Each month, “The Balance Sheet” provides questions and answers from experts on a topic that’s important to you as a manager. Please feel free to share this information with other colleagues who also manage people.
Q. My employee does not like her job, but she is good at it. I don’t have another position for her, and she doesn’t want to quit. Her morale is not very good. Sometimes her attitude is poor. Is there a way to help her feel more joy in her position?
A. There are several things you can do that might help your employee. Try helping her set goals during the coming year so she can look forward to some meaningful accomplishments. Find ways of rewarding her for steps along the way. Come up with different things that she can do voluntarily on her breaks, if she likes, that will allow her to gain new skills and abilities. Think in terms of giving her more responsibility in the office, not necessarily more work. More responsibility is a powerful reward for employees, sometimes better than a raise because it influences how people feel about themselves. Don’t rule out a referral to BJC EAP if her attitude gets worse, and you may wish to suggest self-referral now. There could be a personal issue contributing to her attitude problems.
Q. I struggle to motivate some of my employees. I just can’t seem to find the right combination of incentives. On the other hand, most of my employees are enthusiastic and produce well. As for the few employees who struggle, can you offer any tips on motivating them?
A. Much has been written about motivation and how to get employees excited about their work. All this has been to the benefit of employees and work organizations. But there has been a downside: the mistaken belief by managers that all employees can be motivated and incentive-induced to become top performers, and if they can’t, the manager is to blame. Once you have taken all reasonable steps to provide an effective and productive work environment, the rest is up to your employees. Your organization is in partnership with employees, who must ultimately take the ball you hand them and run with it. Some will perform well and others will not. Many supervisors are too hard on themselves as they struggle to find the secret to motivating all employees all the time. The best type of motivation is self-motivation.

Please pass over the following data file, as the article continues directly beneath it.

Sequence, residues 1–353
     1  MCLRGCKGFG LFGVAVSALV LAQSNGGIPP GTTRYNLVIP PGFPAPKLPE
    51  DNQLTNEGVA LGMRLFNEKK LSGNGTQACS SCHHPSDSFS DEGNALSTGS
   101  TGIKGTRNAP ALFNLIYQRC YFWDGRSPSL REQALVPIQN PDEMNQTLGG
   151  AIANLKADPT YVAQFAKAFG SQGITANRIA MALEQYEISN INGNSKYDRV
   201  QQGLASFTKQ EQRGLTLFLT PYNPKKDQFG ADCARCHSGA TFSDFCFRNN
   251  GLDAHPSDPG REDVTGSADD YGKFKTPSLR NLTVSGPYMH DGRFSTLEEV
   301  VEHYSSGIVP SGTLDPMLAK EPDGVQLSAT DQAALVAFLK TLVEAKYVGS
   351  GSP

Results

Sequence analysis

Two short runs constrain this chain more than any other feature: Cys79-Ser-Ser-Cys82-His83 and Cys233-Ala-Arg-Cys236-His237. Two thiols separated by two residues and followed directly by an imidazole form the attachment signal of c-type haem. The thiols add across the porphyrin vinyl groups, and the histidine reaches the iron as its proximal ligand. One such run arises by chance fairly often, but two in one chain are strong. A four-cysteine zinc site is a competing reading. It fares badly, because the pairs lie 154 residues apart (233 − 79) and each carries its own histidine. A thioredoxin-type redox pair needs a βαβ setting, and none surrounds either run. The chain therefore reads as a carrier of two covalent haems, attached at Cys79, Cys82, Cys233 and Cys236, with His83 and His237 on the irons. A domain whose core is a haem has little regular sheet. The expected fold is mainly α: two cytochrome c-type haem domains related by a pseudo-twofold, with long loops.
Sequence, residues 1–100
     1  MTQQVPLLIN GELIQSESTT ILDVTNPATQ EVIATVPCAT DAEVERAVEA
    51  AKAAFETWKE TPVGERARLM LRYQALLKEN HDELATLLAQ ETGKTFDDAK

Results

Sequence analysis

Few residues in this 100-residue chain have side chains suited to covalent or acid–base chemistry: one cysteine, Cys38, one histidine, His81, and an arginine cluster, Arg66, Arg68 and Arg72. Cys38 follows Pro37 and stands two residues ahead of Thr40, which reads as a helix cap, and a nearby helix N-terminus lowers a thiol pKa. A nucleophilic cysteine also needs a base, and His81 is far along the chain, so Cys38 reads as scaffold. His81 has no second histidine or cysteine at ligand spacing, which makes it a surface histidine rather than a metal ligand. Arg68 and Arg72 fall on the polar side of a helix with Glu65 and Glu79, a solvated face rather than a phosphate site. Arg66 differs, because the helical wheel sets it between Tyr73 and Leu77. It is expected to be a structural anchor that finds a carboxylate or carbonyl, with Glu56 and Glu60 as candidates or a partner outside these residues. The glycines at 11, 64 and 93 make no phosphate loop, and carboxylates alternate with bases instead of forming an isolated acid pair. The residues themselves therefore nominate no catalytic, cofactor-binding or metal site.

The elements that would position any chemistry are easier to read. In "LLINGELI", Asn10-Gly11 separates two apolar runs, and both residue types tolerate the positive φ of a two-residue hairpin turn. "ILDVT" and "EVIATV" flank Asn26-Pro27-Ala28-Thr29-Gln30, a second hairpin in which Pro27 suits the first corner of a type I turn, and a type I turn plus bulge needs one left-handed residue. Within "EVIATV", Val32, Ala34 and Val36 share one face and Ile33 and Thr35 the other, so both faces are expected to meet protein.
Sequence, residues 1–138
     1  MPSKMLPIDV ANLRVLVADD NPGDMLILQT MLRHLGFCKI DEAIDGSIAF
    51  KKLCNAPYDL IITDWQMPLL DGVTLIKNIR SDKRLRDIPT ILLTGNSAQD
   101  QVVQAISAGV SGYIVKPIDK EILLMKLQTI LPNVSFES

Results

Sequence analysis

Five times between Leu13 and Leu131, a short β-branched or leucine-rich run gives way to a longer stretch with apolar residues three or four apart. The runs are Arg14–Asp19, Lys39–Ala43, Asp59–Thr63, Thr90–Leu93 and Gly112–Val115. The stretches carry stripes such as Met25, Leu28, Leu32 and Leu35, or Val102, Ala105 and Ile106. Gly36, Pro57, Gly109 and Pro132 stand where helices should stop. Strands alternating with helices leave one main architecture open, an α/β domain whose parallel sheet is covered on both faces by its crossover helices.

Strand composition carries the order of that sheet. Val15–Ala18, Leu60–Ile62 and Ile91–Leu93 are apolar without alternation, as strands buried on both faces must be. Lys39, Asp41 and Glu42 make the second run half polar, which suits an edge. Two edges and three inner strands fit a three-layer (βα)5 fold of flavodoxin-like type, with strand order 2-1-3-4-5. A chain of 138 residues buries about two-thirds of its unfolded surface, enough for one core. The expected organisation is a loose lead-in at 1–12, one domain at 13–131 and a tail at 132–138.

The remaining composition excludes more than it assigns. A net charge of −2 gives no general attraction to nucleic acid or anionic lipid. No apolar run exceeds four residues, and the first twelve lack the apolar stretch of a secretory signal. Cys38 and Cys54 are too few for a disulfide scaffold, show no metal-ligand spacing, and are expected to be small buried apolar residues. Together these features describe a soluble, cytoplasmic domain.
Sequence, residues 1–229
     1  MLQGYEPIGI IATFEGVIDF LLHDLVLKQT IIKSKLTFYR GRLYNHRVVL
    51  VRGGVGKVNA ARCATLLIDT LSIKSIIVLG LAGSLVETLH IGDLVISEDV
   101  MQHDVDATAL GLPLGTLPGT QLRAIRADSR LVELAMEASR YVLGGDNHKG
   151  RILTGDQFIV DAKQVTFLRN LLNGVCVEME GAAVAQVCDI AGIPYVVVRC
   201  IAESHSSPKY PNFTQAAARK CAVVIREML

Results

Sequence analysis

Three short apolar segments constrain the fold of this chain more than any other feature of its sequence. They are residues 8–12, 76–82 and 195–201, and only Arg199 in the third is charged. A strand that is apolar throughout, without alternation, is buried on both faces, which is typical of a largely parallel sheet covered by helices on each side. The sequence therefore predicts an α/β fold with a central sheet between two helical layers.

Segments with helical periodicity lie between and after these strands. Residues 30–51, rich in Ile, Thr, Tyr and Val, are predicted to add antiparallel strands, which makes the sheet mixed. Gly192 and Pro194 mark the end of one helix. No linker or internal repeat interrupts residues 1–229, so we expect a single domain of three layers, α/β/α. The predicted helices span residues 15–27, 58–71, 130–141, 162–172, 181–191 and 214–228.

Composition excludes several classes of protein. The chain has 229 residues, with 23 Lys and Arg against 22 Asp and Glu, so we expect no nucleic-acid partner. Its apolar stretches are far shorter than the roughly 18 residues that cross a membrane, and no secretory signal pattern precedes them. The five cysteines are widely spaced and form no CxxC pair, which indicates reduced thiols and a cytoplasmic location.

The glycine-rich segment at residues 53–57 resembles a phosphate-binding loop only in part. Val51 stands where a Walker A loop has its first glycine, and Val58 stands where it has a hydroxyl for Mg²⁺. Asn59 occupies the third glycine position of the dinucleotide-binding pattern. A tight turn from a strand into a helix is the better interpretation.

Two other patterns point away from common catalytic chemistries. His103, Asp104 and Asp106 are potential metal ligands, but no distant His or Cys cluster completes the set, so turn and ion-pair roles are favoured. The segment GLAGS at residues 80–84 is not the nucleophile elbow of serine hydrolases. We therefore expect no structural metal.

Q. I don’t think management should be responsible for a team’s morale. Morale is a team issue. So employees should monitor their own morale and take steps to deal with it. Is this an unfair expectation?
A. In the anonymously written business book, Team Secrets of the Navy SEALS (Andrews McMeel Publishing, 2003), the author captures the essence of high functioning teams and shows how the lessons learned from their success can be applied to the everyday business world. He argues that teams must nurture themselves, identify patterns of decline such as morale issues and summon interventions to recapture their lost momentum. It is reasonable to expect that business teams can police their issues and address morale problems, but there is more to it than that. Where the SEALS are well funded and without competition, the teams you oversee may not be as well supported. Resources may be limited. The competition they face may be fierce. They need you on the outside looking in, and looking out for them. Morale problems can spread, and to ignore them or remain hands-off is a risky strategy for your organization. All teams, even the Navy SEALS, work within the context of a larger organization that must support them. When this happens, teams can thrive, set standards for themselves, resolve conflicts and address morale problems.